Dustin Hamalainen is a resident of Portland.The minimum-wage debate is taking place at both a national and state level. This is a great platform for progressives advocating the virtues of equality and fair labor practices; however, opponents are selling bad economics to the public, validated by the wisdom of the “job creators.”

Jim Bouchard (“Another View: Supporters of minimum wage hike don’t understand business,” March 7) makes the claim: “Any job must provide a return and a margin of profit. Wages are an expense, and expense must be offset by productivity.”

What Mr. Bouchard fails to realize is that expenses (wages) are currently being offset by rising productivity; in fact, productivity has far outpaced the growth rate of real wages since the mid-1970s. In other words, people are working harder and getting paid less.

Another point missed by Mr. Bou-chard and many opponents of a fair minimum wage is that expenses can be offset by revenues.

When aggregate wages rise, individuals and households have more money to spend, which increases businesses revenues. Those people who live on minimum wage typically spend a larger portion of their income than anyone else, so an increase in their wages will result in an increase in sales for businesses.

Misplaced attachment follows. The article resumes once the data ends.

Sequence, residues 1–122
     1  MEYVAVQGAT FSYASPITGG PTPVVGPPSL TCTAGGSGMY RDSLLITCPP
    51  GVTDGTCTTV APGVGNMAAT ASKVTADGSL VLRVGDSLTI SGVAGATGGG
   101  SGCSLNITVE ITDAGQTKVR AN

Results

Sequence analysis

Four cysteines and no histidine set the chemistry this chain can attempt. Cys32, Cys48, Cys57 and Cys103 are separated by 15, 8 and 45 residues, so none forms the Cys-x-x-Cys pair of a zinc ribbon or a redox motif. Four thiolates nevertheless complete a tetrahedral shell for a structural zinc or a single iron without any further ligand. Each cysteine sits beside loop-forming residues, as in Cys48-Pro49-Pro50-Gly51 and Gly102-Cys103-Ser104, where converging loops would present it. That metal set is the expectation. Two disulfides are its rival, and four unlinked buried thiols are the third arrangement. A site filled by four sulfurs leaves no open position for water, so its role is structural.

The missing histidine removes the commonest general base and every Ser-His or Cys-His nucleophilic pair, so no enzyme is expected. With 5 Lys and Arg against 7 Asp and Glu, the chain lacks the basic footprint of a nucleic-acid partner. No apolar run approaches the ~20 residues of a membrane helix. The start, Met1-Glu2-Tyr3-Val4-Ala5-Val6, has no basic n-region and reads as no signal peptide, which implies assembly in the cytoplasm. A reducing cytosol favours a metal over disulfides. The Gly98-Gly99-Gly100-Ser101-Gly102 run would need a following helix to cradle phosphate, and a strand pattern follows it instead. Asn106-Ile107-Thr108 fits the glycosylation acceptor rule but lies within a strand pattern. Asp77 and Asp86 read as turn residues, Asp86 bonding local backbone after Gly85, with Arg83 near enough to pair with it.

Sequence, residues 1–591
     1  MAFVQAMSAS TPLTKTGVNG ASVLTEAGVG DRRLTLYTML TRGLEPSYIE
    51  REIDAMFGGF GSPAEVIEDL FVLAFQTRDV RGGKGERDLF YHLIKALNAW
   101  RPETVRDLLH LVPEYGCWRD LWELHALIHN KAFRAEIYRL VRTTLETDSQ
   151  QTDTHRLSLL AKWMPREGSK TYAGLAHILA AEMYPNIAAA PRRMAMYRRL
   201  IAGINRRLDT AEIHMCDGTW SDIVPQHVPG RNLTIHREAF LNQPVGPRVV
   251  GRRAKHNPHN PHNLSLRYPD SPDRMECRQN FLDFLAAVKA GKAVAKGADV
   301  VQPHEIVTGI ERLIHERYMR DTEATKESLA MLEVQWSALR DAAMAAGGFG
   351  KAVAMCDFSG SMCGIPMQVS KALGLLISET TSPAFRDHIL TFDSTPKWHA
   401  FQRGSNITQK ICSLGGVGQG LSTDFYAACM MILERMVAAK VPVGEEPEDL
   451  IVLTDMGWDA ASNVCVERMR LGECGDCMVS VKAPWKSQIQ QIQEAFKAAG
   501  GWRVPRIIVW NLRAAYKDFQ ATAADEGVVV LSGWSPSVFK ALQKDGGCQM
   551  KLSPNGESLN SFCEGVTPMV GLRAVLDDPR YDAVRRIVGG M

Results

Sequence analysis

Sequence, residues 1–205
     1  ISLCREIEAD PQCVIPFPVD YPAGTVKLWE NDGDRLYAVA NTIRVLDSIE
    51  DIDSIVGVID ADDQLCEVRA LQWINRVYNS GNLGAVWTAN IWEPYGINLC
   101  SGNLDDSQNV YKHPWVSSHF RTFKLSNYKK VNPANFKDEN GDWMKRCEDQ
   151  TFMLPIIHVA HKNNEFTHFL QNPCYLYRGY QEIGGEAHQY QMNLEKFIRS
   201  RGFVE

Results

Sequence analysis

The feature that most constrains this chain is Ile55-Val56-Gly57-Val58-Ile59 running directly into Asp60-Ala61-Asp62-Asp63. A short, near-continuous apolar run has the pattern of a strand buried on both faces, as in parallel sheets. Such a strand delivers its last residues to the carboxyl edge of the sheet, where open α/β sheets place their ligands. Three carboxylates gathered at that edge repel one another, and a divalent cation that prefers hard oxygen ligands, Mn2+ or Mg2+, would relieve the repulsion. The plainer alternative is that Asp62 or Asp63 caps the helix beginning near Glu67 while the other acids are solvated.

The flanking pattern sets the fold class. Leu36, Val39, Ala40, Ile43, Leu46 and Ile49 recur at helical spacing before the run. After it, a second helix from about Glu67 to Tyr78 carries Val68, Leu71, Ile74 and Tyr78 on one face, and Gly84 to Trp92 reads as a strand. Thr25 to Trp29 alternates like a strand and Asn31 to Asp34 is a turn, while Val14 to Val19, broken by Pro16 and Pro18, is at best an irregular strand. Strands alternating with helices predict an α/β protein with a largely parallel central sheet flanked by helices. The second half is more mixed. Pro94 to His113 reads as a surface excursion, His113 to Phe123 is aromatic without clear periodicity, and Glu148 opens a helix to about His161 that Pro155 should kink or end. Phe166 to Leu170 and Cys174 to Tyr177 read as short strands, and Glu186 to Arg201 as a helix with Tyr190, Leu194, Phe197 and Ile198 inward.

Contrary to many conservative arguments, the majority of minimum-wage earners are not teenagers working their summer jobs. The Economic Policy Institute estimates that a federal minimum wage of $9 per hour would increase the wages of 18 million people, 84.1 percent of whom are at least 20 years old.

An increase in the wages of those who spend the largest portion of their earnings would be a tremendous boost to our economy and help to strengthen businesses, not destroy them.

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